Around the State: UMHB joins in Reaching Out emphasis; Wayland San Antonio ministers in Sutherland Springs

Bekah Graff, a student at the University of Mary Hardin-Baylor, participated in the fall Reaching Out community service initiative to benefit churches and nonprofit organizations in Central Texas. (UMHB Photo)

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More than 300 volunteers from the University of Mary Hardin-Baylor took part in the fall Reaching Out initiative, a student-led event that involves participants in service to nonprofit organizations throughout Central Texas. Volunteers worked at 21 locations, including churches and nonprofits that cater to youth, senior adults and members of the special-needs community.

Wayland Baptist University San Antonio is responding to the mass shooting in Sutherland Springs, lending volunteer assistance. Ben Craver, assistant executive director of Wayland’s San Antonio campus, contacted Mark Collins, former associate pastor of the Sutherland Springs church. Collins, who has been on the scene in Sutherland to help with recovery efforts, not only requested prayer for affected families, but also mentioned meals. “We are mustering a group to make various food items that can be frozen,” said Jim Antenen, executive director of WBU San Antonio. “We will then collect them and take them down there next week.” Wayland San Antonio will remain in contact with the church to meet long-term needs, as well, Antenen added. The university also planned to include church safety as a topic for discussion at its already scheduled conference for new pastors.

Howard Payne University’s Concert Choir performed at a concert to benefit Texas Baptist Men disaster relief and recovery efforts along the Texas Gulf Coast. (HPU Photo)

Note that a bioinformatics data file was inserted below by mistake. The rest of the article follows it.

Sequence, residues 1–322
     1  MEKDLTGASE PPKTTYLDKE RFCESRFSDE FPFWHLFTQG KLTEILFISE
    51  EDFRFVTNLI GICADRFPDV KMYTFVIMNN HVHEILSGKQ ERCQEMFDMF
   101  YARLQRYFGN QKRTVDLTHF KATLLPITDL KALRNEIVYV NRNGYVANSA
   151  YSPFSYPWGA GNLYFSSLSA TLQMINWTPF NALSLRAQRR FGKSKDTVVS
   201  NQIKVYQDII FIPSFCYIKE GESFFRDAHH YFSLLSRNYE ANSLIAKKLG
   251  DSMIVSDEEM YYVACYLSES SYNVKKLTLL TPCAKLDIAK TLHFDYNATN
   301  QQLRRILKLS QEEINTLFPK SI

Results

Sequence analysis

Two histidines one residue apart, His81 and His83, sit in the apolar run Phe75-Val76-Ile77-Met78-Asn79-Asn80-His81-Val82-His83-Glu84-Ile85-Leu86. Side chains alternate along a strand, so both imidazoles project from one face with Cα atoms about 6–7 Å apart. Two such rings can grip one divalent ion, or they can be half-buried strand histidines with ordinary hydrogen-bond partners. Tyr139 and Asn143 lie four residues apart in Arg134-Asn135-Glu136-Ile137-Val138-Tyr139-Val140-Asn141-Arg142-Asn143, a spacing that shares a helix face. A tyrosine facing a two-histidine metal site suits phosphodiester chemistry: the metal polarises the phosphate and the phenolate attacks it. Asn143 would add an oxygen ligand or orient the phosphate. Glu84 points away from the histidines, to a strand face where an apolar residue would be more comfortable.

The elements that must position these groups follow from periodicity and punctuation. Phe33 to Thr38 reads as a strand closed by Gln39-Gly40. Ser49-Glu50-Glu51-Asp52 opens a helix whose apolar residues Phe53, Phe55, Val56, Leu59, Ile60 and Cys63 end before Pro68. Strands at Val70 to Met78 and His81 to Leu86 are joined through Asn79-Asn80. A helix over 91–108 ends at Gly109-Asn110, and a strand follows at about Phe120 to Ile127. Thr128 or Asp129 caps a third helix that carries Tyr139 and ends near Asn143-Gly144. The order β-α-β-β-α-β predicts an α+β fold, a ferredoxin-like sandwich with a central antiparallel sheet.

Howard Payne University students, faculty and staff helped support disaster relief and recovery efforts along the Texas Gulf Coast in varied ways. The HPU baseball team partnered with a Brownwood hardware store to collect 1,000 cases of water, cleaning supplies, hygiene items, tools and pet food, and they delivered the donated goods to First Baptist Church in Port Lavaca. While they were in Port Lavaca, 41 HPU baseball players, five coaches, the athletic director and alumni/development director clocked more than 1,000 volunteer hours, helping with tree and brush removal, fence and roof repairs, and general cleanup efforts. HPU’s music department raised about $3,000 for Texas Baptist Men disaster relief and recovery at a benefit concert, “The Sounds of Restoration,” that featured many of the university’s musical ensembles. HPU’s School of Education coordinated a “Comfort for Kids” drive, collecting 50 stuffed animals and 30 small blankets for children in the Beaumont area whose families lost all of their belongings.

East Texas Baptist University is supplementing funds from the Baptist General Convention to make full-tuition scholarships available to qualified graduate students in the ETBU School of Christian Studies. Students who have earned a bachelor’s degree from ETBU, are called to full-time Christian ministry and are members of BGCT-affiliated churches are eligible for a full-tuition scholarship to pursue a Master of Arts in Religion or Master of Arts in Christian Ministry degree. To receive the scholarship, a student must apply to the ministry guidance office at ETBU, presenting a testimony of calling to ministry in the pastorate, other church staff, missions or chaplaincy. For more information about graduate degree programs in the ETBU School of Christian Studies, click here.

Nick Pitts, executive director the Institute for Global Engagement at Dallas Baptist University, delivered the T.B. Maston Lecture at DBU. (DBU Photo by Brittni Bean)